The G9 Offshore Wind Health and Safety Association was established in 2010 by nine founding members – Centrica, DONG Energy, E.ON, RWE Innogy, Scottish Power Renewables, SSE, Statkraft, Statoil and Vattenfall – its sole aim being to put health and safety at the forefront of the offshore wind industry.
To strengthen this commitment, the G9, in conjunction with the Energy Institute, released its first-ever annual incident report this year. The report comprises 2013 incident data from 35 G9 members’ business sites across Northern Europe, therefore providing a previously unseen snapshot of health and safety incidents in the offshore wind industry in a particular geographical location.
G9 chairman, Benj Sykes, has said he hopes the annual report will become a ‘tool’ to document the evolution and improvements of health and safety in the sector.
"There is still work to be done but I am confident with the help and commitment of my fellow G9 members and the wider offshore wind business community we can work together to make this industry a safer place to operate," Sykes added.
Lost work day incidents: 66
A lost work day incident is defined as a "non-fatal incident that involves a person being unfit to perform any work on any day after the occurrence of the occupational injury". Of the 66 lost work day incidents recorded, four were reported under RIDDOR (Reporting of Injuries, Diseases and Dangerous Occurrences Regulations), which requires occupational diseases and, among other things, specific injuries, such as fractures, amputations, loss of consciousness or crushing, to be reported. The report doesn’t specify what these incidents were or how many work days were lost.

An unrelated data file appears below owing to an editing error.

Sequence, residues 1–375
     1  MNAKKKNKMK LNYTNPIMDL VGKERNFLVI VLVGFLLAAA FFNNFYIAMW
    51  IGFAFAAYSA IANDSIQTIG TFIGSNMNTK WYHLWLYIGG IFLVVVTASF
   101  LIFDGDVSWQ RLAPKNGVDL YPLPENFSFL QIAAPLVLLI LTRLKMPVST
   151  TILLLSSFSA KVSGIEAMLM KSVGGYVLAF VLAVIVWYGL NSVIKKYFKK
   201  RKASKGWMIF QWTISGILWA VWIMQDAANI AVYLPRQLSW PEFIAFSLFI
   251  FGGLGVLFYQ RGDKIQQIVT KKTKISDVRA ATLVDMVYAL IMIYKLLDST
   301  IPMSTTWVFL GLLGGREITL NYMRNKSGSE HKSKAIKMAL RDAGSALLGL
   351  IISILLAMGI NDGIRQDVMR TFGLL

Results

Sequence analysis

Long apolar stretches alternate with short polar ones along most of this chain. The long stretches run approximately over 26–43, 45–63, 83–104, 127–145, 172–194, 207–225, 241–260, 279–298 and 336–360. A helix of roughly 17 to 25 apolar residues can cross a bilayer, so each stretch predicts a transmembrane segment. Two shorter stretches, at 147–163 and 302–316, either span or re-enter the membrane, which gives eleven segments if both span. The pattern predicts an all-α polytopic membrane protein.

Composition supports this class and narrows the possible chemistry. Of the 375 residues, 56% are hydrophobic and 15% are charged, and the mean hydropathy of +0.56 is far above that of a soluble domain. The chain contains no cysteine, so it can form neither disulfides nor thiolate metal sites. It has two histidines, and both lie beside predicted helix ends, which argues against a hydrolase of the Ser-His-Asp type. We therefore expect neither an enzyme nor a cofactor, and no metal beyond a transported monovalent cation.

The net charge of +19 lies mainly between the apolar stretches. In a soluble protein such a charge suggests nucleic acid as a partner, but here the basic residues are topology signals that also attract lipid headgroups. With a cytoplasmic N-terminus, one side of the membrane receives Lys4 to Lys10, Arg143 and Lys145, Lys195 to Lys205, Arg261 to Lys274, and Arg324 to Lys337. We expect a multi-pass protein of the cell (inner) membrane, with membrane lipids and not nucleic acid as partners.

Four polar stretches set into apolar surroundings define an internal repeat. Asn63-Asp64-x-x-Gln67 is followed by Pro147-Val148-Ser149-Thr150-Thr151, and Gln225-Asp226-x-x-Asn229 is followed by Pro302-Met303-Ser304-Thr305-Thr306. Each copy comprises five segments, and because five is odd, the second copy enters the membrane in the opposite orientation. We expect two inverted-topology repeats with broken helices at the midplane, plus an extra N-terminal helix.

The report reveals that 44% (32) of the lost work day incidents occurred on vessels. Eighteen (27%) lost work day incidents occurred during manual handling activities – ten of these on vessels. Nine incidents involved lifting operations, five of which were on vessels. Six incidents happened while operating plant and machinery, and eight during marine operations
Lifting incidents: 165
Lifting represents the work process with the most incidents recorded. In total, lifting operations were responsible for nine lost work day incidents, 20 incidents that required first aid and 108 near hits – defined as an "incident which could have resulted in a work related accident but did not, either by chance or timely intervention".
Lifting operations on vessels proved the most precarious, with 63% of all incidents involving these scenarios. After vessels, incidents occurred mostly at harbour, quay and pontoon (12%), then at the transition piece area (8%). Based on incident data collected between 2011 and 2012 by G9 and the Energy Institute, lifting operations are identified as one of the top three areas of highest risk in regards to health and safety, so these figure come as no surprise.
Working at height incidents: 45